Ramesh initiated a scientific review and a series of public hearings, following which he called for a moratorium on its cultivation in February 2010. The committee had clarified in its meeting of February 2010 that “the present decision imposing a moratorium is only for Bt brinjal Event EE-I”.

After the moratorium was issued, the committee was to ascertain that Mahyco, the company that developed the Bt brinjal seeds, and institutions researching such seeds like the Tamil Nadu Agricultural University, Coimbatore, and the University of Agricultural Sciences, Dharwad, deposited all their seed stocks at the NBPGR storage facility.

The NBPGR director Singh confirmed to Mongabay-India that Mahyco or anyone else did not deposit the seeds with the National Bureau of Plant Genetic Resources.

Threat to India’s biosecurity

In the face of regulatory inaction, civil society has taken the initiative to test the samples of brinjal from Haryana and is unreservedly critical of the appraisal committee. Rodrigues said Bt brinjal planting was an egregious violation of the indefinite moratorium and claimed that the committee turns a blind eye because of conflict of interest. It is also the most serious breach of India’s biosafety, brinjal biodiversity and therefore, biosecurity.

“India has the greatest brinjal germplasm in the world with 2,500 varieties including wild species, which is now under threat of irreversible contamination because of cumulative acts over time of senseless and criminally irresponsible regulatory oversight,” she added.

Kavitha Kuruganti, co-convenor of the Coalition for a GM Free India, an informal network opposing the release of genetically-modified organisms in the country, said: “It is not clear whether the Genetic Engineering Appraisal Committee has any control on what is happening in various trials it has approved and on seed production that happens in the garb of some trials. The mystery of this GM brinjal in Haryana – which tested positive in a Cry1Ac /1Ab lateral flow strip test we conducted but has now been found to not contain Cry1Ac gene by the National Bureau of Plant Genetic Resources – only deepens. What is clear is that unapproved and illegal GMOs are just appearing in farmers’ fields and the produce entering the food chain. What will be the decisive and deterrent action from the committee is not clear despite so many days after our complaint.”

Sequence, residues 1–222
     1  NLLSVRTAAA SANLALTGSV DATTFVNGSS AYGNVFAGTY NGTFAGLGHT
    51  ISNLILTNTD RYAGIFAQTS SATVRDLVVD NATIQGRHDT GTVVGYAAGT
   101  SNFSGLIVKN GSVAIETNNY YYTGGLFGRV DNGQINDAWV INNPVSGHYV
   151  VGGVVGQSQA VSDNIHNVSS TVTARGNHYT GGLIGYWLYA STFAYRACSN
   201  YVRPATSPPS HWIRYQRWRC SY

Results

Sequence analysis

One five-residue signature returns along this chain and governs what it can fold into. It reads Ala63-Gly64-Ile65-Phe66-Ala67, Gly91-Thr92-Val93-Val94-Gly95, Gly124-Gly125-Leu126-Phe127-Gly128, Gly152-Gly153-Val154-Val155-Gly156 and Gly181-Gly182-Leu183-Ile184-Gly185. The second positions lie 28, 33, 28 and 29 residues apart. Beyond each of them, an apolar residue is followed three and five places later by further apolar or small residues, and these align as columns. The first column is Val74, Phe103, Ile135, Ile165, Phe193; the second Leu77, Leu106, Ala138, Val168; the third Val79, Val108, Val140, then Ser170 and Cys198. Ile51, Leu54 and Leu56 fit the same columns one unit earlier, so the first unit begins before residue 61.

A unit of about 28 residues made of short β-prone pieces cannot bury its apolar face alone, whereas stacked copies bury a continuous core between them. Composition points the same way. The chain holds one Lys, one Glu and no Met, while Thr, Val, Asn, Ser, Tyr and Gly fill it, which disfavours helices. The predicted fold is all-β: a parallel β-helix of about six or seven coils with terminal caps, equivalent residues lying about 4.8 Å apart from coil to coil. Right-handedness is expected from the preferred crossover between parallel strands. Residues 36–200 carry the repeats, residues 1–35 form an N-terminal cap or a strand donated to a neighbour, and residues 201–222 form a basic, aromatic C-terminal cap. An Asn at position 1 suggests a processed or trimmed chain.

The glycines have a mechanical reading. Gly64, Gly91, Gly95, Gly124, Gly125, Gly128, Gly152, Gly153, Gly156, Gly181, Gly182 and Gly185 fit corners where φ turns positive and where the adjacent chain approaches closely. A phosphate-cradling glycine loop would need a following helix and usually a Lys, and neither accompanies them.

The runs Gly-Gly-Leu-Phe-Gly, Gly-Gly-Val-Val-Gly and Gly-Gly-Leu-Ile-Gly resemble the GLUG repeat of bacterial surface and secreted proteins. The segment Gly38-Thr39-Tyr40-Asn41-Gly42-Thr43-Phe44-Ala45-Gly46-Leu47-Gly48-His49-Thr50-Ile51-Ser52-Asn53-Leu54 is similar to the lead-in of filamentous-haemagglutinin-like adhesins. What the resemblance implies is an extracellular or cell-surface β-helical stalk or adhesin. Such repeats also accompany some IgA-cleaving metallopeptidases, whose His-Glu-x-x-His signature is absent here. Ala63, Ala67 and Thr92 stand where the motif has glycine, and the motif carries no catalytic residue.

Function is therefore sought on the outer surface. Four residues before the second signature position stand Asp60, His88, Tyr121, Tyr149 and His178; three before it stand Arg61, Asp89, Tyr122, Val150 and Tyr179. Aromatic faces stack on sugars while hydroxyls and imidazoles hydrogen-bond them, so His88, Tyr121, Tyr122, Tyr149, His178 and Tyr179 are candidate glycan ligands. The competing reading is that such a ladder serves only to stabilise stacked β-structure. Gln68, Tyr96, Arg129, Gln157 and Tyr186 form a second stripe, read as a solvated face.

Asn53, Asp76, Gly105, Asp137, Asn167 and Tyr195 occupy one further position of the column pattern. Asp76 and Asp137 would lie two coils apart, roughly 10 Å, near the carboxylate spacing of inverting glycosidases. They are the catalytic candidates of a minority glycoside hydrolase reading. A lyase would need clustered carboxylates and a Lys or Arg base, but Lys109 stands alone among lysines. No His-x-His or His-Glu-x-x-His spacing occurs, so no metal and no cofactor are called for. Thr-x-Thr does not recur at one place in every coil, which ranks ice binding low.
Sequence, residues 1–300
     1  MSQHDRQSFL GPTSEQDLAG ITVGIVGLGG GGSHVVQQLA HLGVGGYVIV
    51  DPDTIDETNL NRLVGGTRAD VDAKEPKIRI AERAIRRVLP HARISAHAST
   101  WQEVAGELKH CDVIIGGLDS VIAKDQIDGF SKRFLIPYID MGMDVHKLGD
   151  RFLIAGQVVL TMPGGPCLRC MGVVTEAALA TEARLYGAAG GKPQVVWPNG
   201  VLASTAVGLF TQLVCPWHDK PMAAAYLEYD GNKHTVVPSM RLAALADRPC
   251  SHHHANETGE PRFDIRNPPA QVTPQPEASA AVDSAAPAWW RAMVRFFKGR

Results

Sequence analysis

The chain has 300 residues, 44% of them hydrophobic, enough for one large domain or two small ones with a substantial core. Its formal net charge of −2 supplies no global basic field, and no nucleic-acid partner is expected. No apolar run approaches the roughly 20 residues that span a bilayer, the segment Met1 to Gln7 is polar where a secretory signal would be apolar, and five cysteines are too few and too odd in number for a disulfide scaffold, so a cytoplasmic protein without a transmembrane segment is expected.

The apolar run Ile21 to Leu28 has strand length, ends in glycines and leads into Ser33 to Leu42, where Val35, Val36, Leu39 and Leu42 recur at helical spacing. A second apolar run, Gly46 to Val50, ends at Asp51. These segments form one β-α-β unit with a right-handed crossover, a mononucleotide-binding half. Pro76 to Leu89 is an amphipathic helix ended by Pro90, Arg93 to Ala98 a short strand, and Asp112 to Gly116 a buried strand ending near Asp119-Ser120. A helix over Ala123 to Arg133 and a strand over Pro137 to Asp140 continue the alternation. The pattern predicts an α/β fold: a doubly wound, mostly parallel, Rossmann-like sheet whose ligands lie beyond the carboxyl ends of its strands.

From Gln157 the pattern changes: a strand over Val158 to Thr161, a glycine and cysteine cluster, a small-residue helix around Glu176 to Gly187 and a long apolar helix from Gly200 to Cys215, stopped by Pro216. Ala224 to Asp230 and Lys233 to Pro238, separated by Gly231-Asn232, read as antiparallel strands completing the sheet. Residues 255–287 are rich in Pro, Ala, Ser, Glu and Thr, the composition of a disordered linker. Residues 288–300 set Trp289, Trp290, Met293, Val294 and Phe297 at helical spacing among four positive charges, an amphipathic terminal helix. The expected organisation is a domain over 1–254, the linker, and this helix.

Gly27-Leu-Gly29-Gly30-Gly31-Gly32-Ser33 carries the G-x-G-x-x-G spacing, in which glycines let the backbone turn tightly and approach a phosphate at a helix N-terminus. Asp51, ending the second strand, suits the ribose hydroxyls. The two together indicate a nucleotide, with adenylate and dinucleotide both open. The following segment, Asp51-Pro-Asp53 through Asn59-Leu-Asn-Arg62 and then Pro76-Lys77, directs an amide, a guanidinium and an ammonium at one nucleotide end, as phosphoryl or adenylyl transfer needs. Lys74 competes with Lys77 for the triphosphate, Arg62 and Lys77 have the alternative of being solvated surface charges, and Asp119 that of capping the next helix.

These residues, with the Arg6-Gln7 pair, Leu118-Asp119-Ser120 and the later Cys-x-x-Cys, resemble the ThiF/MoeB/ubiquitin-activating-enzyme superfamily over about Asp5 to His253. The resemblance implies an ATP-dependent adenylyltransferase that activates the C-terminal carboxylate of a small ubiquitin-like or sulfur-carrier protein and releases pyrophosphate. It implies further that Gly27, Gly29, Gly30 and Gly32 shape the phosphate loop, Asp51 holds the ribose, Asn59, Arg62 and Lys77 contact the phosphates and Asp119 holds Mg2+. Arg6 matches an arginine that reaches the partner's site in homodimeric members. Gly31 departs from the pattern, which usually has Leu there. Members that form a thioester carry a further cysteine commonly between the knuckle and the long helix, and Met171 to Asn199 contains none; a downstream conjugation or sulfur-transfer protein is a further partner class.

The committee has also allowed imports of GM soya bean oil from time to time. Among those who voiced concern about this was the late Pushp Bhargav, who the Supreme Court had nominated to the committee. It was Bhargav who first raised questions about the tests clearing Bt brinjal and told the Parliamentary Standing Committee on GM Crops in 2012 of the immense pressure the scientists were under to approve the seed.

In the last few years, BG 3, which is supposed to be an improved version of Monsanto Mahyco’s Bollgard 2, is being grown in Maharashtra and elsewhere, also without approval. The Central Institute of Cotton Research has also taken note of this illegal cotton but, being a scientific institution and not a regulatory agency, there is little it can do about it. In 2017, transgenic soya bean was grown by farmers in Gujarat and it was the Gujarat government that initiated some punitive measures against seed suppliers and farmers.

With advances in biotechnology, there is an urgent need for stringent regulation or scrutiny in the sector to ensure cultivation and sale of environmentally-safe agro products. The current situation, unless remedied, could have dire consequences.

This article first appeared on Mongabay.